Tuesday, January 24, 2017

Why Did the Klan So Ardently Support Public Schools?

[note: below contains citations from KKK publications and references to anti-Catholicism]

School choice debates occurred in days of yore, too:
In 1869 the religious issue in New York City escalated when Tammany Hall, with its large Catholic base, sought and obtained $1.5 million in state money for Catholic schools. (Wikipedia)
This being the days of yore, the "religious issue" here is not Christian v. secular, but the older feud of Protestants v. Catholics.  Here is more context:
Following the conclusion of the civil war Catholics began challenging the religious practices common in the public schools.  Catholics, seeing the obvious evangelical Protestant overtones to public education, set up parochial schools and sought shares of the common school fund or exemptions from taxation.  Additionally, Catholics challenged the practice of hymn singing, praying, and reading from the King James Bible in the public schools. 
New nativist groups, such as the Order of American Union, the Alpha Association, and the American Protective Association, arose to do battle against the growing Catholic-immigrant menace.  Not surprisingly, Congressmen and Senators found themselves subject to the attitudes and pressures of the times.  One of the several measures proposed to deal with this controversy was the Blaine Amendment.  (Green, 1992)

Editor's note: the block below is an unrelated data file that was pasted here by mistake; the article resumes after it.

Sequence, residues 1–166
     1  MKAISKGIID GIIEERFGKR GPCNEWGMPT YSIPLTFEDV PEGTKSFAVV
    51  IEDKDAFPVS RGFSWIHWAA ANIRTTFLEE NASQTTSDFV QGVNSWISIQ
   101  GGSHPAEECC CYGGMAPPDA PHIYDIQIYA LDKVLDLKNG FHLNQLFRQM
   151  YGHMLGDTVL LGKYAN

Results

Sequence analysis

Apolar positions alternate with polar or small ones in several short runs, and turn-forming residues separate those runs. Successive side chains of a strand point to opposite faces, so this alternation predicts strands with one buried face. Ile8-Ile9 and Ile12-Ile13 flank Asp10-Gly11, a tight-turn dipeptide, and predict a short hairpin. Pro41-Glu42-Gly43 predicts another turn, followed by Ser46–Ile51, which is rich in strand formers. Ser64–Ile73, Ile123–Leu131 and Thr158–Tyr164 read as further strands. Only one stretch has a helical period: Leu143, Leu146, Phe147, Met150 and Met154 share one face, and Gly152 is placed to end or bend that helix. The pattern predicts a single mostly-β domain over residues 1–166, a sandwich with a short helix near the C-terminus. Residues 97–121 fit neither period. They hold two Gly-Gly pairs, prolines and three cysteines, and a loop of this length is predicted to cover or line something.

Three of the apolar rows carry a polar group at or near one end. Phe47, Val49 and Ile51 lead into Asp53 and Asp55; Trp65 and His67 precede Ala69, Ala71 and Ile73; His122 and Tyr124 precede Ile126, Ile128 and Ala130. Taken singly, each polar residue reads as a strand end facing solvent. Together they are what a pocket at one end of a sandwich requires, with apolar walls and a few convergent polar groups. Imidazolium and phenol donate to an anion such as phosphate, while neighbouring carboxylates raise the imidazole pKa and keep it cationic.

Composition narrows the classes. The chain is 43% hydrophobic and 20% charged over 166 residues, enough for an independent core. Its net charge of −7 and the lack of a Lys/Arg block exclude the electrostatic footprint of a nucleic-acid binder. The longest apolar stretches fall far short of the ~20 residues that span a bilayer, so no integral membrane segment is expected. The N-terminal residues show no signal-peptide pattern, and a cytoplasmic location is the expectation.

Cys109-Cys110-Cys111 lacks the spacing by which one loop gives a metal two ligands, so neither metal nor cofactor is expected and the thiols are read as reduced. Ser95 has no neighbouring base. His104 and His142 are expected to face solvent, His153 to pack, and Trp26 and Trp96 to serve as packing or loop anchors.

Despite the Blaine Amendments, the Catholic Church continued to operate affordable, quality parochial schools.  The Ku Klux Klan probably reached its peak in national influence and membership about fifty years later.  By that time, the hot-button issue had moved from state funding of overtly religious schools to whether anti-Catholic majorities would allow parochial schools to continue to exist.  Anti-Catholics condemned what they saw as demoralizing criticism of public (read: predominantly Protestant) public schools as an attempt by Catholics to poach students.  Here is one commentary:
In Nebraska, Iowa, Illinois, Indian, Ohio and Pennsylvania the schoolhouses and equipment were found to be twenty-five to fifty years behind the times.  In some of the buildings it would be impossible for the children to keep warm in cold weather as there was nothing between the ground and the floors to keep the wind out.  The homes near these schools were often modern structures, up to date in every way.  One can readily see how parents living in such homes are often induced to send their children to parochial schools, and why Rome is making such a desperate fight to discredit our public schools and to prevent any appropriation of money for their upkeep and advancement.
An enemy to public school is an enemy to the Constitution.  We are thankful that a white-robed army has arisen, a might host that will put the Bible in the schoolroom and forbid the lecherous hand of popery to interfere with our free institutions. (Klansmen: Guardians of Liberty)
The fascinatingly ignominious author of that opinion was Alma Bridwell White, who could add racist, antisemitic, feminist, first female American Methodist bishop, and Klan sympathizer to her anti-Catholic credentials.

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